Once elected they certainly have to consider the needs of their constituents and the good of the country as a whole as well as the views of the party beyond Parliament, this being the way our democracy works, but from the party they emerged, and the party through Conference and the elected committees will continue, I believe, to interact with the parliamentarians. Though the interaction was obviously more difficult to work out in the new circumstance of our share of Government in the Coalition, it seems to me that the principle you are espousing is not the principle of the party.

  • Katharine – The existing approach looks wonderful at first blush but, as proven over ~30 years, it simply doesn’t work; in all that time it hasn’t managed to evolve a strategic vision that resonates with most members let alone the public. In other words we haven’t even got to first base.

    It was, of course, the outcome of difficult negotiations at the Liberal-SDP merger. In fact, it’s clear that, for all their good intentions, they got it wrong. Fortunately, it isn’t Holy Writ and we shouldn’t regard it as such.

    While it is wonderfully democratic on the face of it that evaporates when you dig down a little. Most members of the key committees were elected on derisory votes (many only in the 200 – 300 range), most have a near invisible profile, a hugely disproportionate percentage live in London & the SE etc.

    What I propose is actually very close to the existing system but made more responsive and accountable.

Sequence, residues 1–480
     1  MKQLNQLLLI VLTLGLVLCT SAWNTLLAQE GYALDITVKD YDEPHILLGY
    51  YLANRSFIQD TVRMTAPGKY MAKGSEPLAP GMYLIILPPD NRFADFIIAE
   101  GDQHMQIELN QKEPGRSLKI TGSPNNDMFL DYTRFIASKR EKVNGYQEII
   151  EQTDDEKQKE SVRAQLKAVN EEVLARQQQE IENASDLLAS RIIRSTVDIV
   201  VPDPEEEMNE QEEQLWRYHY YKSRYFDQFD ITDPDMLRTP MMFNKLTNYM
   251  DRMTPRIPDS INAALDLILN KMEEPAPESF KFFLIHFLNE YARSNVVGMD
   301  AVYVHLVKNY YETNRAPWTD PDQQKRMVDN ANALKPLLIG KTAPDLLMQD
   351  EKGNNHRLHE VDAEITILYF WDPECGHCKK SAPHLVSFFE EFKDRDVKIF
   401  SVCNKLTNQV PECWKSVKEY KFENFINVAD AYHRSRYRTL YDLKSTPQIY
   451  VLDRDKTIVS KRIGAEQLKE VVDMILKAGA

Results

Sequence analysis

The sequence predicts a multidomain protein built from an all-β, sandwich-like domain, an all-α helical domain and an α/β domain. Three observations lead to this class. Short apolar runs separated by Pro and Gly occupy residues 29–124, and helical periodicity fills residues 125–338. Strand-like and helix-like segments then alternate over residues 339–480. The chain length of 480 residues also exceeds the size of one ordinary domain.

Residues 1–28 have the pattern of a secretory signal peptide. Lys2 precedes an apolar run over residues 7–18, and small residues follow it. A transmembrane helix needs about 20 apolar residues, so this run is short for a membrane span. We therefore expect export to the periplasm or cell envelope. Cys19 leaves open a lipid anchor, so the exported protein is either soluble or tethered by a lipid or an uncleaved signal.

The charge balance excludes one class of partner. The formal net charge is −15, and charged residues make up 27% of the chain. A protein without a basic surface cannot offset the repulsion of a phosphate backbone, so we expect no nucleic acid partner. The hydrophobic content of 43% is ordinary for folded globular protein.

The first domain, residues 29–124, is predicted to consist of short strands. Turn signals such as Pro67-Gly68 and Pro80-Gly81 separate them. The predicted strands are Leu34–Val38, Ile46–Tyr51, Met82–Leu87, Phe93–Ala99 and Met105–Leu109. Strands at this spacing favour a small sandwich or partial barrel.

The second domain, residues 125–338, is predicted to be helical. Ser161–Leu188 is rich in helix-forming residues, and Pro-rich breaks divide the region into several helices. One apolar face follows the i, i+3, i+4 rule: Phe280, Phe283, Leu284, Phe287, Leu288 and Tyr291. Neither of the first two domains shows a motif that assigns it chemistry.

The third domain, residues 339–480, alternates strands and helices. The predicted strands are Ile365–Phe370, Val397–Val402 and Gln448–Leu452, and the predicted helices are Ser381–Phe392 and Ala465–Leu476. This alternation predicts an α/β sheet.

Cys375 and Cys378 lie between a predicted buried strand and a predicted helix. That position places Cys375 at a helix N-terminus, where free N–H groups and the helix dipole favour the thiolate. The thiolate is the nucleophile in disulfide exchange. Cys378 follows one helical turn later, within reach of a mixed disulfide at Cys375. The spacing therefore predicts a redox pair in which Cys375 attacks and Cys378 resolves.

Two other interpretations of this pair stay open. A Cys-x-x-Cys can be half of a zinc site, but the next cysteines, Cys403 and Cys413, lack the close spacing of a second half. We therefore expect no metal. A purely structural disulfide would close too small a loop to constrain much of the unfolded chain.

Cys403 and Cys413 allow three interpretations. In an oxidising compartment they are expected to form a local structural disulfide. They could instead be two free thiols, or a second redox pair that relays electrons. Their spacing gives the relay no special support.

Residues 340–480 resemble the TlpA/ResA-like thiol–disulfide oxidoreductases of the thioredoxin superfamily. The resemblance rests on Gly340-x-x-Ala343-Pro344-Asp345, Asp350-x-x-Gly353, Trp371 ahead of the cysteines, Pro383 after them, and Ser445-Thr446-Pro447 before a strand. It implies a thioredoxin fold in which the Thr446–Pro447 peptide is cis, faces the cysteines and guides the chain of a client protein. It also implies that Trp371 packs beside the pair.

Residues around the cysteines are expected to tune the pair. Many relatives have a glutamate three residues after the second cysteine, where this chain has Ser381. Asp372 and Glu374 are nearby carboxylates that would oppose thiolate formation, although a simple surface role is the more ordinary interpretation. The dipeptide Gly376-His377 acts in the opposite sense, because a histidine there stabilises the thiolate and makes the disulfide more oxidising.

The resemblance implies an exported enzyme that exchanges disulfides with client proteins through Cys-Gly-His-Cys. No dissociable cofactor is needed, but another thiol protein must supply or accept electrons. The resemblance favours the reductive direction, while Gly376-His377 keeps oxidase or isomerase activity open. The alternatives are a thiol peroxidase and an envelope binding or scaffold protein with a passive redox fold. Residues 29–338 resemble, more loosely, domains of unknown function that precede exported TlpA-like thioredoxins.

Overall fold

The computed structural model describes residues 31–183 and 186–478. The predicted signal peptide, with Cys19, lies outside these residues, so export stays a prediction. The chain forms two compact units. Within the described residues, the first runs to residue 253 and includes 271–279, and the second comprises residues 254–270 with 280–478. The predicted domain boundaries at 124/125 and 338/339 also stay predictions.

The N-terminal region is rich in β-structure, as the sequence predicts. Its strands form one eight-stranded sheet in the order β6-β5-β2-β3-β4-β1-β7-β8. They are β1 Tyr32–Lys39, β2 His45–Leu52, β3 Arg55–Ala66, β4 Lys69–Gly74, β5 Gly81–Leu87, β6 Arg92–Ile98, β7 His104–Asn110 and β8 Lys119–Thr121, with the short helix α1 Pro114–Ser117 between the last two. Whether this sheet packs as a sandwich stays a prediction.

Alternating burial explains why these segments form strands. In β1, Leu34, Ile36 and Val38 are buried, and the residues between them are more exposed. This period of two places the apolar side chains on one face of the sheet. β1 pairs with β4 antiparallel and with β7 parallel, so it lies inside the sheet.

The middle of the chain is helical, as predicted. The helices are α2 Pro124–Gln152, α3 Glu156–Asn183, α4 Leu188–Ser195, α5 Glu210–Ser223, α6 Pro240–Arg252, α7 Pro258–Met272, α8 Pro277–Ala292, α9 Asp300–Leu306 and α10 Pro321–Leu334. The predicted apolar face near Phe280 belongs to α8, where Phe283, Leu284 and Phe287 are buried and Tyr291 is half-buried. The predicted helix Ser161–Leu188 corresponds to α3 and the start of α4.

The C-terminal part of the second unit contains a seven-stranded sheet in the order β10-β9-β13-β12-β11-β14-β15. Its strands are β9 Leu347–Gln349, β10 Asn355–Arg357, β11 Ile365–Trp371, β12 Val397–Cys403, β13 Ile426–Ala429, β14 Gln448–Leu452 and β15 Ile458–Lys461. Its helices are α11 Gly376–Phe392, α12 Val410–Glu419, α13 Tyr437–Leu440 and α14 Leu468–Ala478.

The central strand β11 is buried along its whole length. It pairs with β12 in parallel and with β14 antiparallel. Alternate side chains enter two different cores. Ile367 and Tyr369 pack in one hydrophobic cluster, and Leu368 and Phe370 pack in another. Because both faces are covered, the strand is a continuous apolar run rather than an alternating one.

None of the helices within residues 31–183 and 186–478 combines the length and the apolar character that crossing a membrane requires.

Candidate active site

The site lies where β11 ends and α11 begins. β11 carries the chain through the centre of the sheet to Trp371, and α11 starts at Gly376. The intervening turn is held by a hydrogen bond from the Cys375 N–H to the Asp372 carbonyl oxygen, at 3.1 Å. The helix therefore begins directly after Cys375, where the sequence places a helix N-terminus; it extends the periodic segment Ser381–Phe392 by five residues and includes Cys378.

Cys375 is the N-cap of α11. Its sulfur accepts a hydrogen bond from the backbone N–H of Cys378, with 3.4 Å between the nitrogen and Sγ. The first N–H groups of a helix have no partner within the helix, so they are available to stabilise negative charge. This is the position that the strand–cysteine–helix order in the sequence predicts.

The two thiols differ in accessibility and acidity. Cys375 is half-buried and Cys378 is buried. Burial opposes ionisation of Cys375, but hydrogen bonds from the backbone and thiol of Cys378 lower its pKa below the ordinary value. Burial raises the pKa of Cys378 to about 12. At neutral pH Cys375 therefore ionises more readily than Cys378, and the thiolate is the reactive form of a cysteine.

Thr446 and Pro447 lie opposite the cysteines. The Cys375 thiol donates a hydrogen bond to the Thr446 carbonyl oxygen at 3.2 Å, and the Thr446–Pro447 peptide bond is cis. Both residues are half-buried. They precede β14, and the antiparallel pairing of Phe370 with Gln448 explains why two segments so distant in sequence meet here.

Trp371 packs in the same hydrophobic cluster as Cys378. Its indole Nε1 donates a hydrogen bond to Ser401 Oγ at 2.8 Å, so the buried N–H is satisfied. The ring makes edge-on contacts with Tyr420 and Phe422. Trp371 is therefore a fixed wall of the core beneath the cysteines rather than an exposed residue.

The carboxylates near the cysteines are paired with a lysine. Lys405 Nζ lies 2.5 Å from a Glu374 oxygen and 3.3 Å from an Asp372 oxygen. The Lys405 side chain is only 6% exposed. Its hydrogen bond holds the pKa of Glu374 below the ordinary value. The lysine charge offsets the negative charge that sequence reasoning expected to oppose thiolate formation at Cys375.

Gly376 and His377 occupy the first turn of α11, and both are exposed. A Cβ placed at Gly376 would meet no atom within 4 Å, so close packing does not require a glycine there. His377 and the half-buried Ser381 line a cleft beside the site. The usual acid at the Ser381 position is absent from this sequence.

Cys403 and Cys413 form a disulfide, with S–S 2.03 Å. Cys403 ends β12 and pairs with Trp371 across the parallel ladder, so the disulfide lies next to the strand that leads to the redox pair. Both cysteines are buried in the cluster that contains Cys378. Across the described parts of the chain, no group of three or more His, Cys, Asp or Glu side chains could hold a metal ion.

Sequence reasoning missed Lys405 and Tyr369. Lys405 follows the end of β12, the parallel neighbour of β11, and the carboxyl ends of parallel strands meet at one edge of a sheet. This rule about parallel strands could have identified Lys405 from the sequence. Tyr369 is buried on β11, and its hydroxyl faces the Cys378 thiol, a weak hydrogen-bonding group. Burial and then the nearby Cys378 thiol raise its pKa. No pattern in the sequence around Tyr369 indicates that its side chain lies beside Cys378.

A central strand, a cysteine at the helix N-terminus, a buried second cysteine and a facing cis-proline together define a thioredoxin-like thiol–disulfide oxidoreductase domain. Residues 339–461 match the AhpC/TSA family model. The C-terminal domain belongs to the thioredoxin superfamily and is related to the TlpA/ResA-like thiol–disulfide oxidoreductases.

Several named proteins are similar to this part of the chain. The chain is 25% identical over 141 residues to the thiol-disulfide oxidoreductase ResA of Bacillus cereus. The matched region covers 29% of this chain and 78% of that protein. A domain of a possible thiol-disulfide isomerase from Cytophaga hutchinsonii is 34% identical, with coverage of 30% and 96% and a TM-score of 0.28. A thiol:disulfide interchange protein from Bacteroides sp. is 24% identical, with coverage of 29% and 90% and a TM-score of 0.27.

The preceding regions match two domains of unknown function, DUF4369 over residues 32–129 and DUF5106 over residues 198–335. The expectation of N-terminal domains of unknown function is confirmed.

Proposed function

Firstly, the shadow cabinet should take over the role of the FB and decide which policy areas to prioritise. That immediately integrates politics with policy – something that doesn’t work well now.

    Secondly, we can do without the FPC. Spokespeople should chair the policy working parties in their area of responsibility ex officio. If formal working parties aren’t affordable then cheaper approaches will have to be found – for example if they are wise spokespeople will turn to members for ideas (radical I know but these are desperate times).

    Thirdly, spokespeople should be responsible for getting their policy proposals approved by Conference. They will have to justify their choice of priorities, argue the case for any specific policy proposals they suggest and, retrospectively, explain what they’ve done that departed from plan because of “events”. Conference might approve, refer back for further work or reject outright. We will soon discover who our stars performers are.

    Arranging things this way would make the system more joined up, more strategic, more responsive and less bureaucratic. It would also put a premium on spokespeople developing good political antennae, something that’s notably lacking at present. I believe it would also lead to far great involvement and buy-in from members.

    The iceberg lies dead ahead; it’s time to change course.

  • Katharine Pindar 2nd Dec '17 - 4:57pm

    Such a system would be wholly unacceptable to me, Gordon, and I hope to the majority of members. Responsive to whom? Accountable to whom? You seem to be proposing a kind of oligarchy made up of whoever is fortunate enoughto be elected to Parliament at any one time – hard luck if they lose next time – and, presumably, some of the unelected House of Lords who have become, unfortunately, spokespeople for want of more MPs. This is preposterous! I don’t know how the so-called shadow cabinet is selected, I suppose the Leader appoints the spokespeople, but to hive off power from Conference and the elected Boards to this fortunate few ( an Oxford candidate elected, a Cambridge candidate unsuccessful, is one more worthy than the other to make policy for us?) would be the absolute negation of our democratic system. Try the Labour party or the Tories, they will be more approving! True enough that in any party there will probably be only the keenest voting for the committees, whether at local level or national, but personally I treasure the commitment of our party to OMOV and our true democracy. And, incidentally, don’t tell the northerners from west or east, or the Scots either,that they don’t have much say in our party’s councils!